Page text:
BI’s Article search uses Boolean search capabilities. If you are not familiar with these principles, here are some quick tips.

To search specifically for more than one word, put the search term in quotation marks. For example, “workers compensation”. This will limit your search to that combination of words.

To search for a combination of terms, use quotations and the & symbol. For example, “hurricane” & “loss”.

Login Register Subscribe

Insurer must cover oil firm's Hurricane Katrina cleanup

Insurer must cover oil firm's Hurricane Katrina cleanup

A federal appeals court has upheld a $22.5 million jury award to an energy company in a dispute with its surplus lines insurer.

According to Thursday's ruling by the 5th U.S. Circuit Court of Appeals in New Orleans in Cox Operating L.L.C. v. St. Paul Surplus Lines insurance Co., Dallas-based Cox Operating L.L.C, which. operated oil and gas production facilities in Eloi Bay and Quarantine Bay off the coast of Louisiana, had $1 million in primary pollution cleanup coverage with St. Paul Surplus Lines Insurance Co, a unit of Hartford, Connecticut-based Travelers Cos. Inc., and another $20 million in excess coverage.

In August 2005, Hurricane Katrina severely damaged the facilities, throwing wreckage into the bays and causing oil to escape from the wells and from damaged equipment and pipes, according to the ruling. Cox complied with various federal statutes and regulations and spent millions of dollars cleaning up the oil contamination and removing wreckage from the bay, according to the ruling.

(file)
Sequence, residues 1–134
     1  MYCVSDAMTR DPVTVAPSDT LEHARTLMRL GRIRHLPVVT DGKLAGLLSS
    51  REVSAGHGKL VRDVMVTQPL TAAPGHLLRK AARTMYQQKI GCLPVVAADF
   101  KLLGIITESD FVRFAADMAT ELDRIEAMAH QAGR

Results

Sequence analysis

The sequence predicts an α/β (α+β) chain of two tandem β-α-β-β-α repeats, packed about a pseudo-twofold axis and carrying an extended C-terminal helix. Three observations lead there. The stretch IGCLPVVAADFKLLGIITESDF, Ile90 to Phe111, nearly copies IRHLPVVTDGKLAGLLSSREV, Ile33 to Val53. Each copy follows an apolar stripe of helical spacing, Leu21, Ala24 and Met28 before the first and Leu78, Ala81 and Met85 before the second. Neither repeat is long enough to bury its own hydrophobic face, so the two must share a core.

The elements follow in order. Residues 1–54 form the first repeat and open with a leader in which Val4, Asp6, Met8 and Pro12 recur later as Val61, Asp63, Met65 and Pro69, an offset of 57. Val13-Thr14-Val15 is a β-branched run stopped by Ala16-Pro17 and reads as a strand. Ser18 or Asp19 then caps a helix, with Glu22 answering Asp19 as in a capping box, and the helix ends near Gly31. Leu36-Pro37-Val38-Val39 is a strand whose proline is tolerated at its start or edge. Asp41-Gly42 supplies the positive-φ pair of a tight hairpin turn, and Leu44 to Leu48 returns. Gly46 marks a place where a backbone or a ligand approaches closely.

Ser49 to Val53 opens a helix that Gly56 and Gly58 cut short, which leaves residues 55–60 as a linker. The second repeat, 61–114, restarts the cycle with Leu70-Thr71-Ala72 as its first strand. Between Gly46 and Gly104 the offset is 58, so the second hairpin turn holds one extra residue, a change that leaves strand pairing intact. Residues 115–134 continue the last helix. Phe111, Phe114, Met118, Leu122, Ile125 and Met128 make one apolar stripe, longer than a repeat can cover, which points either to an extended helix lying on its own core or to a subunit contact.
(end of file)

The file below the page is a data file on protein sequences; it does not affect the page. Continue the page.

After Cox submitted its claims, St. Paul paid $1,480,395, which included the policy limit of $1 million under the primary policy and $480,395 under the excess policy, but refused to pay more, stating it was not liable for the rest of Cox's claim.

Cox field suit against St. Paul, and after a five-week trial, a jury in U.S. District Court in Houston awarded Cox, among other amounts, $9.5 million in damages for breach of the excess policy and $13.1 million in penalty interest.

St. Paul appealed, and a three-judge panel of the 5th Circuit ruled unanimously in Cox's favor.

Among other issues, the appeals court agreed with the District Court that St. Paul's denial of Cox's claim constituted a waiver of the one-year reporting requirement under the excess policy.

Read Next

  • Coal company faces federal scrutiny over clean-up insurance

    (Reuters) — Coal giant Peabody Energy has been among the harshest critics of federal energy policies, joining a court challenge to the Obama administration’s new clean air regulations and denouncing its promotion of renewable fuels.